Napolitano: Obama made inaccurate statement on immigration

Matthew Boyle Investigative Reporter
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Homeland Security Secretary Janet Napolitano accused her boss President Barack Obama of making an inaccurate statement on immigration law enforcement during testimony before the House Judiciary Committee on Thursday.

A hot topic during the hearing was the Obama administration’s decision to selectively enforce immigration laws. The administration decided in mid-June – via an announcement from Napolitano and a subsequent Rose Garden speech from Obama – that it would not deport illegal immigrants brought to the U.S. as “young children.”

The president’s decision to selectively enforce immigration laws directly contradicts a public statement he made in March 2011. Back then, Obama said he thought “[t]here are enough laws on the books by Congress that are very clear in terms of how we have to enforce our immigration system that for me to simply through executive order ignore those congressional mandates would not conform with my appropriate role as president.”

During Thursday’s Judiciary Committee hearing, Napolitano admitted to Virginia Republican Rep. Randy Forbes that Obama’s March 2011 statement was inaccurate. “Could he have issued an executive order to do what you did?” Forbes asked her.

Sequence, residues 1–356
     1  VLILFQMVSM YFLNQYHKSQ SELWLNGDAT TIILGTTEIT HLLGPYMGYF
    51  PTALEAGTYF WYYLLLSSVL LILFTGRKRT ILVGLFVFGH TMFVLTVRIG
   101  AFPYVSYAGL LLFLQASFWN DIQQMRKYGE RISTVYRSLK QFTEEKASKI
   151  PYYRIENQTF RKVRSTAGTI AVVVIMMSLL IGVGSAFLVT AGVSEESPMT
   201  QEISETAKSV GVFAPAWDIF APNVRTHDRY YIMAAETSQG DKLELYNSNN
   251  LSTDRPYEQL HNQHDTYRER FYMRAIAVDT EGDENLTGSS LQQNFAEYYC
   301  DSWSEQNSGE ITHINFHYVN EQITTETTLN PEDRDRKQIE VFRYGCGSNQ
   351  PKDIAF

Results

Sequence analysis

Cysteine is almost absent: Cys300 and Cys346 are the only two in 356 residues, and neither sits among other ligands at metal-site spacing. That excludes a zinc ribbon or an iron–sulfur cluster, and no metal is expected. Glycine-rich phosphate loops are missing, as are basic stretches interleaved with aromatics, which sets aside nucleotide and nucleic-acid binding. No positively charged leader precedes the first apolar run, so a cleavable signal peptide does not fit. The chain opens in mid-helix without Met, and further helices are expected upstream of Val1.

“Yes,” Napolitano responded.

Napolitano wouldn’t, however, go so far as to admit that Obama technically used an executive order to announce the new selective enforcement policy.

Forbes asked her if “this memorandum” was “issued on behalf of the president or under the authority of the president.”

She responded, “it was under my authority as the secretary, setting the priorities for the enforcement of the nation’s immigration laws in an effort to deal not only with these compelling cases, but the continued effort to clear the backlog to deal with the more.”

“The president obviously approved of the decision, which is what he announced at the Rose Garden,” Napolitano said. “But the decision had already been announced that morning by myself.”

“You take your authority directly from the president and the appointment he made, is that not correct?” Forbes asked.

“And the Constitution and laws of the United States, that’s true,” Napolitano responded.


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